Over the past 10 years, the average annual return (9.25 percent) of global equity funds based in South Africa was slightly above the average annual return of offshore global equity funds (9.02 percent).
In the PlexCrown survey of offshore asset managers that have FSB-registered funds denominated in a foreign currency, the leading manager at the end of September was London-based ACPI, which has four fixed-income funds and a global multi-asset fund domiciled in Jersey in the Channel Islands.
However, the next four places in the rankings were filled by local managers with offshore funds: Marriott (second place), Nedgroup Investments (third), Oasis (fourth) and Investec (fifth).
A look at the returns in United States dollars (according to ProfileData) of FSB-registered offshore funds shows that local manager Foord’s International Trust Fund was the top-performing global asset-allocation flexible fund over 10 years, with an average annual return of 11.48 percent.
Global asset-allocation flexible funds have no restrictions on how much they can allocate to the different asset classes of equities, bonds, cash and listed property.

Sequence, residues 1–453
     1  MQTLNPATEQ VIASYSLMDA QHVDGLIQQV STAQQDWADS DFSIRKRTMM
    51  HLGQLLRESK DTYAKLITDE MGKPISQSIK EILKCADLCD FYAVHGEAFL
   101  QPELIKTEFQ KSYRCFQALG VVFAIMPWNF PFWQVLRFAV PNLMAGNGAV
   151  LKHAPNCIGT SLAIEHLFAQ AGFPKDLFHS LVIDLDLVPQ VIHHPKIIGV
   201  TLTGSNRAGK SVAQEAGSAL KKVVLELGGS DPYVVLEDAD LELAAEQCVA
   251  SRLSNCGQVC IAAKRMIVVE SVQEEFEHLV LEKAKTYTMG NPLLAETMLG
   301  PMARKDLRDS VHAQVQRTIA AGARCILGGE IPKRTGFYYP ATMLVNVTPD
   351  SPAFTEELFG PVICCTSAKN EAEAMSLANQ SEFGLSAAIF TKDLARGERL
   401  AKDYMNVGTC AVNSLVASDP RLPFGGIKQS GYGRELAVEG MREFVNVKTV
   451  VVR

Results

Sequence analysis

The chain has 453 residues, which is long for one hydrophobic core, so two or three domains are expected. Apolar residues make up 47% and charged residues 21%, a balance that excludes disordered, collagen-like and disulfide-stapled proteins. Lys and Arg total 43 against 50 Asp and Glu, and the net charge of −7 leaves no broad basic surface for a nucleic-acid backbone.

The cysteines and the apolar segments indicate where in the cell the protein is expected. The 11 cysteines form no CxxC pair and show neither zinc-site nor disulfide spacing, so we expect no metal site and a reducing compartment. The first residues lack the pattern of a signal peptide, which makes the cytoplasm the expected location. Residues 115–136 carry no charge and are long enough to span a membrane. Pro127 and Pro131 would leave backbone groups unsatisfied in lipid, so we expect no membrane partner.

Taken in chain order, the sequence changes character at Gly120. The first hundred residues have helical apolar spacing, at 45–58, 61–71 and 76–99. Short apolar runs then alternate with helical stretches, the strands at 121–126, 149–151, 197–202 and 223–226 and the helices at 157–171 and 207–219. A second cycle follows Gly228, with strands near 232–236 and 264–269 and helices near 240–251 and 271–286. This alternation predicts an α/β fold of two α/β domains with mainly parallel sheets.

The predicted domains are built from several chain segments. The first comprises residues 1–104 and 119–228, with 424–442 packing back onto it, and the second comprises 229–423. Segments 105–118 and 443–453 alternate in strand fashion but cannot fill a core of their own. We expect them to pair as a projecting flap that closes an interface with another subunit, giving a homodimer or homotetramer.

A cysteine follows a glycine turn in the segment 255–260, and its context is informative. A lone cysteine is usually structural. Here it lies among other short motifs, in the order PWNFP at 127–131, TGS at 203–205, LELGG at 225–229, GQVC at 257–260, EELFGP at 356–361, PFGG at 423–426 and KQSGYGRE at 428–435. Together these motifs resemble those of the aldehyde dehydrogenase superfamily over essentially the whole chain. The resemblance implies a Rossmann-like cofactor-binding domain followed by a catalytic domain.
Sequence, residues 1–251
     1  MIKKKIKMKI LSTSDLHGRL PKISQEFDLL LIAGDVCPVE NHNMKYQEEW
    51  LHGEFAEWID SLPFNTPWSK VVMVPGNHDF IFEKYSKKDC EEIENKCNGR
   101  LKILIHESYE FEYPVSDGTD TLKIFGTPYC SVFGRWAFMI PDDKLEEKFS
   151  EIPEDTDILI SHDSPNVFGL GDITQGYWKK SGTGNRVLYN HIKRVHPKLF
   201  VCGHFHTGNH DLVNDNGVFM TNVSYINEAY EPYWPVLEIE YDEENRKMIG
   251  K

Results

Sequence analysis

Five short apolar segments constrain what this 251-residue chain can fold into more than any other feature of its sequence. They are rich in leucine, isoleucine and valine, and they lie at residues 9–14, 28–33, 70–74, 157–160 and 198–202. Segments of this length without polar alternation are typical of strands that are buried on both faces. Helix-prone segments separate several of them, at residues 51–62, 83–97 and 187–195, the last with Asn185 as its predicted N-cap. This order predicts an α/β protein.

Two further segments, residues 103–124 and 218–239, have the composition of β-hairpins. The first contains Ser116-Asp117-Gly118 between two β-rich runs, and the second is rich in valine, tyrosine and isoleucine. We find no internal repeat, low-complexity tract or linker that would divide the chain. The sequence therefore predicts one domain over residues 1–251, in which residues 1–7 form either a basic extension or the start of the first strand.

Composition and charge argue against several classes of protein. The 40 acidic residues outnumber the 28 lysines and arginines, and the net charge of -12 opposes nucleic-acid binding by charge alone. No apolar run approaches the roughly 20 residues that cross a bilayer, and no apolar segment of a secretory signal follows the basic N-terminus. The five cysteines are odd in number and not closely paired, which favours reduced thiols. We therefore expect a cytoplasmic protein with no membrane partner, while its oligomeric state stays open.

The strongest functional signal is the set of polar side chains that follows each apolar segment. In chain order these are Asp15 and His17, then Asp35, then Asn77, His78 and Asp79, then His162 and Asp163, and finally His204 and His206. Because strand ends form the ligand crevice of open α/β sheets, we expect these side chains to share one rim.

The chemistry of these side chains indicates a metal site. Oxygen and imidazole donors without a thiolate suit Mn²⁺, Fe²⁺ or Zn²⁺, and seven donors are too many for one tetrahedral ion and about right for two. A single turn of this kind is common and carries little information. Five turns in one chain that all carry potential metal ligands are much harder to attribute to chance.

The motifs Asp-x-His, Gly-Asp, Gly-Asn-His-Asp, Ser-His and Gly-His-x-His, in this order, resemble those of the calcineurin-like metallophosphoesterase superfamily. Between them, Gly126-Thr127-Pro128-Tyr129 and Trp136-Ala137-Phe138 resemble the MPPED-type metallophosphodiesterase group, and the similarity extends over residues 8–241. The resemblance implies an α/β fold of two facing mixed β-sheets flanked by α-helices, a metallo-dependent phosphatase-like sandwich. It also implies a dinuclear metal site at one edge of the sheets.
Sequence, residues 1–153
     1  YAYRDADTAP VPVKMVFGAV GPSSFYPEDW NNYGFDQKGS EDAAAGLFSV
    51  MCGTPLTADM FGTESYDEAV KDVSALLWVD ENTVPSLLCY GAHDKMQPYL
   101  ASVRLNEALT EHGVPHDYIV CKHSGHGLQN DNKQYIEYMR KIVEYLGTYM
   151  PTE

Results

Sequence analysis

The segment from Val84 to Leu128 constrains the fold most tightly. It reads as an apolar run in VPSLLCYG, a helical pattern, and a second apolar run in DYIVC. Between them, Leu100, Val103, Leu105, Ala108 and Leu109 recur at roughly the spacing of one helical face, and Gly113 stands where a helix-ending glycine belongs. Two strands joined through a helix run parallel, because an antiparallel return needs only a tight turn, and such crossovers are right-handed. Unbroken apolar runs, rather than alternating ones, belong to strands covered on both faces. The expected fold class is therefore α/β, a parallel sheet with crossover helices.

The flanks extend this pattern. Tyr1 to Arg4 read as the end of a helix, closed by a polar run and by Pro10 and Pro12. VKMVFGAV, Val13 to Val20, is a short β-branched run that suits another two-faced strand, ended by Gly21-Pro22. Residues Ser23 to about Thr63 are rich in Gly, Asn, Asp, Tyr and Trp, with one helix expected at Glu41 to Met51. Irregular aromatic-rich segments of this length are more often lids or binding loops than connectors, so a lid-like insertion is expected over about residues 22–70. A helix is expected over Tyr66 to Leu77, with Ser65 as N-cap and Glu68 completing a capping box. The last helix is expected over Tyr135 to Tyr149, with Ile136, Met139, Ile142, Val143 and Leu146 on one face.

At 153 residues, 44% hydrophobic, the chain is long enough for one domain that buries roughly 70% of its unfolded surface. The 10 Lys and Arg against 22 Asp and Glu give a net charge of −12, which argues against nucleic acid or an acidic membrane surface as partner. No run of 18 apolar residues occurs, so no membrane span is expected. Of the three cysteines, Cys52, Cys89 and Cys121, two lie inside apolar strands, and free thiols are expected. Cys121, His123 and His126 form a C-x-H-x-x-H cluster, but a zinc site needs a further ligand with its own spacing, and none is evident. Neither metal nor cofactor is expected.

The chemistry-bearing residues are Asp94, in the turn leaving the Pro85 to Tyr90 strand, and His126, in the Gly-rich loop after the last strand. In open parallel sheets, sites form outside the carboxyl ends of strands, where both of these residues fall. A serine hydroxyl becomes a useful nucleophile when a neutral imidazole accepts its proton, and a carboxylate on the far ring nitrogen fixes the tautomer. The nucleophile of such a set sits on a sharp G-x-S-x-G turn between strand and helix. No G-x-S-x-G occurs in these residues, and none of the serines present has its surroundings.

Looking beyond the small pool of FSB-registered offshore funds to all offshore funds, Daryll Welsh, the head of product at Investec Investment Management Services, says foreign funds in the more popular sectors (global multi-asset and global equity) run by South African managers have fared well over the past year.
He says South African offshore funds, such as those managed by Foord, Investec, Coronation and Nedgroup, are in the top half of international ratings agency Morningstar’s performance table over one year in the categories for global and European funds. These funds invest in the largest shares on exchanges around the world or in Europe, as well as in two multi-asset sub-categories, for funds with a high or moderate exposure to equities.
Welsh says some of these sectors have a large number of funds, so it is no mean achievement for a fund managed from South Africa to achieve above-average performance.
The competition for your rand-denominated investments in offshore markets is increasing.